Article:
In Canada, freedom of speech has become a topic unfit for polite company. For a country that talks endlessly about its Charter of Rights and its values, it is sad that some rights are now less popular – and less protected – than others. While all Canadians enjoy human rights, not all rights are created equal. And, while Christians are overtly being persecuted in Third World, a more insidious anti-Christian campaign is happening here at home.

In Canada, “the court of public opinion” rules and the now infamous human rights commissions are, in a sense, the embodiment of this metaphor. They are society?s expression of what a psychologist might call “transference”: in punishing Christians for the charge of “exposing someone to hatred,” these pseudo-legal entities actually commit this very crime. HRCs are not a remedy for hatred, but are, indeed, a vehicle for hatred against Christians courageous enough to oppose misguided modern mores.

Mark Twain once wrote: “Whenever you find yourself on the side of the majority, it is time to pause and reflect.” But it is a painful irony that those Canadians most in need of protection from the majority are the now its victims. Those who promote sexual licence cast themselves as victims in order to persecute those who defend traditional Christian norms. Our “liberated” generation enforces powerful taboos on speech. Rather than tolerate the unpopular message of Christians, Canadians have allowed HRCs to enforce the decorum of a false consensus. But at what cost?

Despite their deeply Christian character, human rights are generally seen as the child of the Enlightenment. Thus, the famous aphorism attributed to Voltaire: “I disapprove of what you say, but I will defend to the death your right to say it.” But, in Canada, the right to free speech is not absolute. In Canada, all rights are balanced. Like the false mother who pleaded with King Solomon for the possession of the disputed child, the so-called advocates of freedom were willing to see the child split, so long as they were assured the bigger half. Since then, radical Muslims have exposed the internal contradictions of this double standard and, using the same tactics of intimidation and censorship, have advanced their medieval agenda. Canada?s social liberals cannot seek protection in laws they themselves have broken.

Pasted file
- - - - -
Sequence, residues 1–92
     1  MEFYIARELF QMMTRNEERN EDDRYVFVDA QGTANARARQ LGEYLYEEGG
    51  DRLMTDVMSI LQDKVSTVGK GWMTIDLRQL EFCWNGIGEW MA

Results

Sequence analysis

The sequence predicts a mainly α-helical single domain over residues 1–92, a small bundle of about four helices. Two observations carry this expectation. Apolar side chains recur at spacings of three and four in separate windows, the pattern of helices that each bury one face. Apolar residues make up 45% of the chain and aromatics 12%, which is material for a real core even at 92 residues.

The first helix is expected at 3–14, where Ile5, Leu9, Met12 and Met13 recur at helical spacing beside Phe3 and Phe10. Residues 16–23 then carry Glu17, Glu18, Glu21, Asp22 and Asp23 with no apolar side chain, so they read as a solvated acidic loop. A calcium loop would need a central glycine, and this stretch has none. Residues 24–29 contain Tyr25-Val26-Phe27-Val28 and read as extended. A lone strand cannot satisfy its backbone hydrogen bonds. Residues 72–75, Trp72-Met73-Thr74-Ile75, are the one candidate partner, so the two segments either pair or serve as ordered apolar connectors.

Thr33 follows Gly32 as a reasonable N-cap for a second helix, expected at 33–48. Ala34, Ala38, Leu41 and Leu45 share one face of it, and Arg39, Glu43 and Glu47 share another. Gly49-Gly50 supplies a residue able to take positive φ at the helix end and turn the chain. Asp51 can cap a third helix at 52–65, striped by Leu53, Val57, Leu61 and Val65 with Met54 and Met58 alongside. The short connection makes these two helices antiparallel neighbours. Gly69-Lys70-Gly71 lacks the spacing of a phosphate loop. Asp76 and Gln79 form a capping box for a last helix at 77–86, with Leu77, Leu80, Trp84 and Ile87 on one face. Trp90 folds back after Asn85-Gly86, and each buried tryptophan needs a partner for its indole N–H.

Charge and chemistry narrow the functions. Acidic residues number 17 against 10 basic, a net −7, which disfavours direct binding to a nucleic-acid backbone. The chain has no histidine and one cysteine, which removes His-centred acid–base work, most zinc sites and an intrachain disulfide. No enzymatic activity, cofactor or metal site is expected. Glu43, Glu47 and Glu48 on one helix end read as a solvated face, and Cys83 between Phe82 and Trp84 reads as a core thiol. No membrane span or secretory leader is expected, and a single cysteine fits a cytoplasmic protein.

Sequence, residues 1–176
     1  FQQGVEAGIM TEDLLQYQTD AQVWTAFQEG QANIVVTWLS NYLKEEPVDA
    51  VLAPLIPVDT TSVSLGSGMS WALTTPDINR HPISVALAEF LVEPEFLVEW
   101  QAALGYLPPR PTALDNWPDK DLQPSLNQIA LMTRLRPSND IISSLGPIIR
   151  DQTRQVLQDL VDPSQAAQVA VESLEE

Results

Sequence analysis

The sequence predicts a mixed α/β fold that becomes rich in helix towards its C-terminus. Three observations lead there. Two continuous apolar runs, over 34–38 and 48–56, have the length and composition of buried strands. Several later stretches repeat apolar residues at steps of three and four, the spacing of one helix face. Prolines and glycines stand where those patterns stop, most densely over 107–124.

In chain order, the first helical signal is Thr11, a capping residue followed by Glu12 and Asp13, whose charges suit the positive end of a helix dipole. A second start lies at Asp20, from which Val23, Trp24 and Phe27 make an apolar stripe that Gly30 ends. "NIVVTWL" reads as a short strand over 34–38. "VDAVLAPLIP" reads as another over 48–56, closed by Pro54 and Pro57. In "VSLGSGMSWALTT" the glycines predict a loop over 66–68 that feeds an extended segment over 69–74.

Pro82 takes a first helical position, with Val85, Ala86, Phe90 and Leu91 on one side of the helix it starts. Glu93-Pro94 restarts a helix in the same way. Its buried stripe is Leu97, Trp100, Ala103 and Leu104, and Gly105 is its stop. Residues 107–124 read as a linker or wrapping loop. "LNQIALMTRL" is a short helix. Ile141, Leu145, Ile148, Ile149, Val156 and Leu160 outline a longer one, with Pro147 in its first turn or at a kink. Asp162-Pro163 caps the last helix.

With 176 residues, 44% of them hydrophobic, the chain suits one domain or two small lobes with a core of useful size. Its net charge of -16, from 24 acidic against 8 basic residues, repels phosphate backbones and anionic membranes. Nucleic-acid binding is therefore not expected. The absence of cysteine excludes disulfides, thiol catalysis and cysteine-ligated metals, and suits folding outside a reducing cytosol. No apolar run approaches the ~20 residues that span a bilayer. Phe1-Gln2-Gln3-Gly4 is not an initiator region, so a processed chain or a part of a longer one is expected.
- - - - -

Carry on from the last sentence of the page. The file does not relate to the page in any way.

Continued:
Saint Stephen, the Protomartyr, preached to the people, “They were cut to the heart and they gnashed on him with their teeth ? they cried out with a loud voice and stopped their ears and ran upon him with one accord” (Acts 7:54-55). The reaction of those people is eerily similar to what we see today. Yet, in the face of violent opposition, Stephen continued to preach the Gospel, at the cost of his life. Stephen, then, shows us both the high cost, and also the sublime calling, of speaking the truth to a wayward world.